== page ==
Wednesday, November 05, 2008

Yes. We. Did.

I had to work today when all I wanted to do was stay home.So it was that I was working at a student open lounge when at 1:00 this afternoon. I'd put a CNN live feed up on the screen but could get no sound.

There were no students when at the time when the announcement rolled across that CNN was calling it for Obama. There was no sound to hear when McCain stood up and conceded, and while he talked I had to try to pull my attention away to do the conversation thing that is my bread and butter. But all I could think about was that maybe it wasn't true.

I went to my last class and told my students. They had forgotten that I was from Chicago. Some thought Obama was from Canada.

Three hours later I walked in my door and turned on CNN, the first time all day I was able to watch election coverage with sound and start hearing what I had been seeing, making it real and tangible. I saw McCain standing and trying to be dignified while his supporters heckled and acted generally like spoiled children. I felt bad for him even as I appreciated what he had tried to do.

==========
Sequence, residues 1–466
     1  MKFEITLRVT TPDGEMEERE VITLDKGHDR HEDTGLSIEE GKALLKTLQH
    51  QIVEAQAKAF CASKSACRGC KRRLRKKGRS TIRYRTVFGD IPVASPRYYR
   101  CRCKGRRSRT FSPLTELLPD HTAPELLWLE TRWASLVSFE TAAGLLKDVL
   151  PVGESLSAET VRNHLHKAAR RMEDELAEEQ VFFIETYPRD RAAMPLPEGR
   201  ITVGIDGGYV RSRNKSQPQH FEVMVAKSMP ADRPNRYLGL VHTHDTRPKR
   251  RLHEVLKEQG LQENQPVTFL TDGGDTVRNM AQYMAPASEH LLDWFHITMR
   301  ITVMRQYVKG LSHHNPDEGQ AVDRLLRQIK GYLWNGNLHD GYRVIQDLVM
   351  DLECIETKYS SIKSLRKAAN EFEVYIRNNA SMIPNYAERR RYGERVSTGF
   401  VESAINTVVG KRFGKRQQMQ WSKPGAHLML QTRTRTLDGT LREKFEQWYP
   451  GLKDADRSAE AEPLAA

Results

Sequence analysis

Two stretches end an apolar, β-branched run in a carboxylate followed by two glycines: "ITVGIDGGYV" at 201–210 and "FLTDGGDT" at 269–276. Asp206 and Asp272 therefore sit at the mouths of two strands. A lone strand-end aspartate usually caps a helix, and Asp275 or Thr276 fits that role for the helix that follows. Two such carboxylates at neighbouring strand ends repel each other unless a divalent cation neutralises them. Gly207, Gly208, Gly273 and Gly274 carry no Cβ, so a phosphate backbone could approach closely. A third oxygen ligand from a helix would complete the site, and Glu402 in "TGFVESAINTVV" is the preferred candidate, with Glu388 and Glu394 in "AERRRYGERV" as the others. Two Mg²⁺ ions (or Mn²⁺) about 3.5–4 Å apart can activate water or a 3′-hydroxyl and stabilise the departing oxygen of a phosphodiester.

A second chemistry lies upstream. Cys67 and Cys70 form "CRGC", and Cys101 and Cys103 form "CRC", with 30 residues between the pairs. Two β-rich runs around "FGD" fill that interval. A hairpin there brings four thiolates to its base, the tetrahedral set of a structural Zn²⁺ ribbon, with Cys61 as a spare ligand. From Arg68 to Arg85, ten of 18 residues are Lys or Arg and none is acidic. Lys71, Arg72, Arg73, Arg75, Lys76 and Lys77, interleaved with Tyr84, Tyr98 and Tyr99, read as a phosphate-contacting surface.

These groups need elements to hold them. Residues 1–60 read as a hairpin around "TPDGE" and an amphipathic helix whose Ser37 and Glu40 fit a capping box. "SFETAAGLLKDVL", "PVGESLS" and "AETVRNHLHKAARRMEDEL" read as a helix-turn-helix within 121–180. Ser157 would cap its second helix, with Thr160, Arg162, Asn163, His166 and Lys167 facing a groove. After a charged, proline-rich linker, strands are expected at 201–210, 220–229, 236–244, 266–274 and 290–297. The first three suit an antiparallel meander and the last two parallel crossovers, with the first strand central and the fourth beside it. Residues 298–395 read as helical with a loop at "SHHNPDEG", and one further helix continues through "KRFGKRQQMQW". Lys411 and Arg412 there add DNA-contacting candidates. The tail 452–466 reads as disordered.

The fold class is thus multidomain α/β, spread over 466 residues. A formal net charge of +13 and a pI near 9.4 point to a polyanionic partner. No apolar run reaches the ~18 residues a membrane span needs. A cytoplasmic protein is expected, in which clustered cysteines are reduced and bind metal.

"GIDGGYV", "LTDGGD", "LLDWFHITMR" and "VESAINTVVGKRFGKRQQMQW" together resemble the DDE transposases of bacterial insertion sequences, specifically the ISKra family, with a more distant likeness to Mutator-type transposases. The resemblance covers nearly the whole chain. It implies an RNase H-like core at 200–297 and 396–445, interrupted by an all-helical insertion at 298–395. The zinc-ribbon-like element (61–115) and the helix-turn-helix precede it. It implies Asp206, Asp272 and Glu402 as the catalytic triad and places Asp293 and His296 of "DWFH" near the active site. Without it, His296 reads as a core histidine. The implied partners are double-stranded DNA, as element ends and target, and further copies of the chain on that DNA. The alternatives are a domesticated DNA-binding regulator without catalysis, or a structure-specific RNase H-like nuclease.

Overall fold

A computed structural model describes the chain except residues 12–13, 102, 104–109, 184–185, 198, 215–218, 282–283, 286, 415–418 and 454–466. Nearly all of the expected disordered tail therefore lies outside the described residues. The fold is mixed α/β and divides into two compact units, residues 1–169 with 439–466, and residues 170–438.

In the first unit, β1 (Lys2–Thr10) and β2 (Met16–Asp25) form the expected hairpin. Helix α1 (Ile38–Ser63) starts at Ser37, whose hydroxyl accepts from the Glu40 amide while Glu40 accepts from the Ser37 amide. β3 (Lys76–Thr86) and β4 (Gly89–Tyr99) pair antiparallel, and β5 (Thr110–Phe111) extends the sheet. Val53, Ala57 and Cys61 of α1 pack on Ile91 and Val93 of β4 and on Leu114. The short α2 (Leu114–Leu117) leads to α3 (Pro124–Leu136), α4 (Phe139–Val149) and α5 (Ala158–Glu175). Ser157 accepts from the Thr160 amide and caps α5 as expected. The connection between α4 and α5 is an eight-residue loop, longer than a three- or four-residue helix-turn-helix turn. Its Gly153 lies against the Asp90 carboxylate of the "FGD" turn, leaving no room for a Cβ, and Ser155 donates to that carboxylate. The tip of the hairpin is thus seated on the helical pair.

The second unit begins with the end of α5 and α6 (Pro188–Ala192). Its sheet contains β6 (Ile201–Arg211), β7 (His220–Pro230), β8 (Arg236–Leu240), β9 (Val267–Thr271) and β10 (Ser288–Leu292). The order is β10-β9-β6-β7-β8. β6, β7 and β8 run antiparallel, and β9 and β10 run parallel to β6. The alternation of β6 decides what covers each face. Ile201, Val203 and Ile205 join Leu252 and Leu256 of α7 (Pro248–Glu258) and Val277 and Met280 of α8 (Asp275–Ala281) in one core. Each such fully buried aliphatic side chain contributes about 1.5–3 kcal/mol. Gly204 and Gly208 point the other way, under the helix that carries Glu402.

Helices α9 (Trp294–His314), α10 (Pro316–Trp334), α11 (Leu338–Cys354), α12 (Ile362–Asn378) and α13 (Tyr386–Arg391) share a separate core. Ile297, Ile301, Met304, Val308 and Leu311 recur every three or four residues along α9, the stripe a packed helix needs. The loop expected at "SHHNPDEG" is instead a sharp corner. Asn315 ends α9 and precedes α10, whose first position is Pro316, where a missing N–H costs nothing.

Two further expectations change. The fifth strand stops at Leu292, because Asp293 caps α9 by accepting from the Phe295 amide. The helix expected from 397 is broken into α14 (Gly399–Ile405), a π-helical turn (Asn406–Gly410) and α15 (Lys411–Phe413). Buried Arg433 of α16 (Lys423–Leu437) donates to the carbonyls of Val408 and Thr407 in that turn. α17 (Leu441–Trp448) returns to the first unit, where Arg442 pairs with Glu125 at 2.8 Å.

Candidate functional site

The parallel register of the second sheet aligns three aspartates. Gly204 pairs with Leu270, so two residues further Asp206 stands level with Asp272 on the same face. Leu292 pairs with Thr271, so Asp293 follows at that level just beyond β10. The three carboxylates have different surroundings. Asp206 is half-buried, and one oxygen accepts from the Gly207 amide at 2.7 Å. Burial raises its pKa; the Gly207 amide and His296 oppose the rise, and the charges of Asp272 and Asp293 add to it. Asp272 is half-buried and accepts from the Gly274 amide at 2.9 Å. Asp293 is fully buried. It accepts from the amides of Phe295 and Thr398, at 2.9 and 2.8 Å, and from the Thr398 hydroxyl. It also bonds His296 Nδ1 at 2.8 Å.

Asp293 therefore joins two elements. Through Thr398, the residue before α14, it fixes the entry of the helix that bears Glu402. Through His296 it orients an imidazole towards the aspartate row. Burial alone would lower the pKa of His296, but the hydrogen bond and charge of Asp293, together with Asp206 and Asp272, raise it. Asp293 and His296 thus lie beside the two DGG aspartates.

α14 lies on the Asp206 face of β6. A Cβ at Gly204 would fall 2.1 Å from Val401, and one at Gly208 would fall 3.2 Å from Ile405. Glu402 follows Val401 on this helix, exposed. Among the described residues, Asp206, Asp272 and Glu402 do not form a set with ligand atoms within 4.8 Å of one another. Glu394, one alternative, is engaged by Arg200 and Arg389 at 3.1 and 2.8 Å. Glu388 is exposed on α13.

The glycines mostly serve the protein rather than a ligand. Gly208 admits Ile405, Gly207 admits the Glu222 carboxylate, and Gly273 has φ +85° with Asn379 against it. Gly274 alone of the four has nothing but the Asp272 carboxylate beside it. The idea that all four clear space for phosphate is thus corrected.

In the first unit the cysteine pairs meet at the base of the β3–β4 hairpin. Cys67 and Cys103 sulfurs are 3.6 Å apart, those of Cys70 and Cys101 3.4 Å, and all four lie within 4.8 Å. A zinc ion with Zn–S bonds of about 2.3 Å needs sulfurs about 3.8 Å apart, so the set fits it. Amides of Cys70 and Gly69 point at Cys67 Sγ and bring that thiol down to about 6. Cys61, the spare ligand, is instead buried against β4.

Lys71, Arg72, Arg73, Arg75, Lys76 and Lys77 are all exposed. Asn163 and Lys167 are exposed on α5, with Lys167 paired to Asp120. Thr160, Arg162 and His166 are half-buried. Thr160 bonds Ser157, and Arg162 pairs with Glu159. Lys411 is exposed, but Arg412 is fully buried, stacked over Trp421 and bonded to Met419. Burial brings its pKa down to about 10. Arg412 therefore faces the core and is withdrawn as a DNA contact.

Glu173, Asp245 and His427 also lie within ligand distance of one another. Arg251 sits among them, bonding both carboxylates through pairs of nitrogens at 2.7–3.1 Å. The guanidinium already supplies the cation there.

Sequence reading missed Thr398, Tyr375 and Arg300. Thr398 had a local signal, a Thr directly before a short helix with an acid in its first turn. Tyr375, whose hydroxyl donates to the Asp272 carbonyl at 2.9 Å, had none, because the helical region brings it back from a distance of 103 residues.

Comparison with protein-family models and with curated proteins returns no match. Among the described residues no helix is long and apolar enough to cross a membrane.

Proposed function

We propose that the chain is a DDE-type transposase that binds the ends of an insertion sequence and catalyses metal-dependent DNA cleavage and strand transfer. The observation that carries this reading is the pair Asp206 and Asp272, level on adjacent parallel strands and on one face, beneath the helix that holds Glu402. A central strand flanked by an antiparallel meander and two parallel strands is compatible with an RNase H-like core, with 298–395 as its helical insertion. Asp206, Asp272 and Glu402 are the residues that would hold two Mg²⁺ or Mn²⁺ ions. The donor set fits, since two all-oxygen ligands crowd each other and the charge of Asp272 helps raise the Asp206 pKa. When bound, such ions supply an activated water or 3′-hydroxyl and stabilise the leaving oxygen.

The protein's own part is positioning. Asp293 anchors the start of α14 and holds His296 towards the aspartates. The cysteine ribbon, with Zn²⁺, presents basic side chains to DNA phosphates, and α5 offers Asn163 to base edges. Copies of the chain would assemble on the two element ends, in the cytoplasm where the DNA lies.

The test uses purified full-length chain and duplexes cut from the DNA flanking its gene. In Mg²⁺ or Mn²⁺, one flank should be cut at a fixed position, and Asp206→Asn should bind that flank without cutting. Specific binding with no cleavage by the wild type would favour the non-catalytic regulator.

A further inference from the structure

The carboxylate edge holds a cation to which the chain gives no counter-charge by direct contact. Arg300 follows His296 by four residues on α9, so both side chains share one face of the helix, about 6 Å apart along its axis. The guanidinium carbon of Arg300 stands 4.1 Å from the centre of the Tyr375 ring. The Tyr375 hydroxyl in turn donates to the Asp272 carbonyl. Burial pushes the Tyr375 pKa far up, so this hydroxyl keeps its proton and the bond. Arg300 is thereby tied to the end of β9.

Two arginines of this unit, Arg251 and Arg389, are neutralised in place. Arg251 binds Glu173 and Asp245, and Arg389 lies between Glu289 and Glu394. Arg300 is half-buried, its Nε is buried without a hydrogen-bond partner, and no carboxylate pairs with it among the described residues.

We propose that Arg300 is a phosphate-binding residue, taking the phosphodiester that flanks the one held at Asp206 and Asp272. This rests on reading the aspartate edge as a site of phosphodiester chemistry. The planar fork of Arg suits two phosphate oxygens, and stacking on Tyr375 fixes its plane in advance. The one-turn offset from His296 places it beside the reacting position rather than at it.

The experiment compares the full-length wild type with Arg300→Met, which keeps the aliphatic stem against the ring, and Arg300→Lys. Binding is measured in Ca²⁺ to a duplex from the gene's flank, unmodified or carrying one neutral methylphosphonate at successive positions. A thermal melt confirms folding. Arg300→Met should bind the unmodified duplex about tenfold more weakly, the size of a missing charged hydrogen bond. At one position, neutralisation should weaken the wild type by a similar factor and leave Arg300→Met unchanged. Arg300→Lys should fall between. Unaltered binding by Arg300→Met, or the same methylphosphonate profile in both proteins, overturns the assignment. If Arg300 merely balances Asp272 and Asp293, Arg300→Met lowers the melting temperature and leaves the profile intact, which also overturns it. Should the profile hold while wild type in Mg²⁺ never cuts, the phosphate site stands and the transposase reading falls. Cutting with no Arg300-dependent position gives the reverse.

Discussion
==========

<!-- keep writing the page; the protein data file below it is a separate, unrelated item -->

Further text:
And finally, after a whole day of not being able to do anything but ride a charge of energy I got see Barack speak. And there I stood in my room, in front of my T.V. four hours after the election had been called, and almost three since he made his speech, I watch his face, listened to his words and I broke down and sobbed.

It still feels too good to be true.

At work one of the co-workers, a lovely teacher and, the only McCain supporter among us said as I walked to my last class "Oh, stop smiling, already." He was smiling too. "I know, I can't help it, I'm just so happy."

"You know, in all, it's okay. I understand. I'd be happy if it were my guy."

"I'm not sorry your guy lost, but you know, I just can't help being completely overjoyed my guy one."

"Today, I'm just happy it's over."

Today, I'm happy, elated, sad, confused, bewildered, and feeling oddly procreative.

But we did.

We Did.

"That's the genius of America: that America can change. Our union can be perfected. What we've already achieved gives us hope for what we can and must achieve tomorrow."

We did. Now, we have work to do.


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